SIGMETRICS '08 Proceedings of the 2008 ACM SIGMETRICS international conference on Measurement and modeling of computer systems
Proceedings of the 9th ACM SIGCOMM conference on Internet measurement conference
IEEE/ACM Transactions on Networking (TON)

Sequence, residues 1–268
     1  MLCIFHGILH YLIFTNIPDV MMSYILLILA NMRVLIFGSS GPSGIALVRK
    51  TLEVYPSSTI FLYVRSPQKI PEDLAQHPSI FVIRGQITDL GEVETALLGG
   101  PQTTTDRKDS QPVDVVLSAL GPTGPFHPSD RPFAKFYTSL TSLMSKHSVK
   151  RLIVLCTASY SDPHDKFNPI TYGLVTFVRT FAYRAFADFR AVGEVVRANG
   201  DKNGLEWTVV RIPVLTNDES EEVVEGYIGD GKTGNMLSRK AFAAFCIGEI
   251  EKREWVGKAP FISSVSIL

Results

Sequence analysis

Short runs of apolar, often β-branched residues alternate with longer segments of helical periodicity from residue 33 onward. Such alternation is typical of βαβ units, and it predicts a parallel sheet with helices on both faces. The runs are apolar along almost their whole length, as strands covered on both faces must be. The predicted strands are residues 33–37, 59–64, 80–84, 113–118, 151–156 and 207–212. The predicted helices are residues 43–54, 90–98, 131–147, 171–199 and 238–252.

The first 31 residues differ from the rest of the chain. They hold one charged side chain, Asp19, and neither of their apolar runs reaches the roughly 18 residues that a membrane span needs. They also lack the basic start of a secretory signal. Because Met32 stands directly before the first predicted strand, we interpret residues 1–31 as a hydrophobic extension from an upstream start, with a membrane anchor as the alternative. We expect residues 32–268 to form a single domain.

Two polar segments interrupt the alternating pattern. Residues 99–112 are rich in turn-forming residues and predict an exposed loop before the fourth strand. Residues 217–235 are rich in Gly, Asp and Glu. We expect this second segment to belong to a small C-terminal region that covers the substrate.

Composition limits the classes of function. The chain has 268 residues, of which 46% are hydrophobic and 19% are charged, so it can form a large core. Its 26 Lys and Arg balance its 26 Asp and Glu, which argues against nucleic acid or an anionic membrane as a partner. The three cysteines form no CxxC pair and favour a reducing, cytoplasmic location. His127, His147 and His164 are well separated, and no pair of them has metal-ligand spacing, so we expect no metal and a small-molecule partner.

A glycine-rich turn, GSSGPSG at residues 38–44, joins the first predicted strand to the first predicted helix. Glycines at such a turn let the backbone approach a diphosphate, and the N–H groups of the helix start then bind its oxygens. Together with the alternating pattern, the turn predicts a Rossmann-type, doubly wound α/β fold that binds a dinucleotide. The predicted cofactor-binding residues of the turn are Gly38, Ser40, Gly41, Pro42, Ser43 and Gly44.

Internet connectivity at the Autonomous System (AS)-level, defined in terms of pairwise business peering relationships, is constantly evolving. This evolution is largely a response to economic, political, and technological changes that impact the way ASs conduct their business. Existing research activities focusing on modeling AS-level Internet connectivity have been lacking in efforts to incorporate the very business-centric nature of ASs in establishing peering relationships and exchanging traffic with other ASs, and instead have been perusing generic graph-theoretic approaches. As a result, the fidelity of their findings and usefulness of their approaches from the networking perspective can sometimes be called into question. For one, we demonstrate that the widely used AS-level topology snapshots as exported from Border Gateway Protocol (BGP) routing data sets contain significantly incomplete connectivity information at the AS-level. This misleading picture of BGP-inferred AS-level Internet topology is due to routing policies of individual ASs, as a consequence of their business peering relationships. We also show that the generic graph growth model that takes the BGP-inferred AS graphs at face value fails to explain the evolution of the Internet connectivity at the AS-level. These findings suggest the need for an alternate approach that fully embraces the AS-specific semantics in explaining how the inter-AS connectivity is constructed and evolves over time. We present a new framework for modeling this AS-specific evolutionary process by identifying a set of criteria that ASs consider either in establishing a new peering relationship or in reassessing an existing relationship. The proposed framework is intended to capture key elements in the decision processes underlying these relationships. Taking into account the dual role of an AS as a customer and a peer, we propose a model that incorporates two distinct decision processes executed by an AS. We then populate the model with realistic inter-AS traffic demands derived from publicly available surrogate measurements. To reflect the enormous heterogeneity among customer or peer ASs, our models are also flexible enough to accommodate a wide range of AS-specific objectives. We demonstrate the potential of this new framework by considering different decision models in various realistic "what if" experiment scenarios. We implement these decision models to generate and study the evolution of the resulting AS graphs over time, and compare them against observed historical evolutionary features of the Internet at the AS level.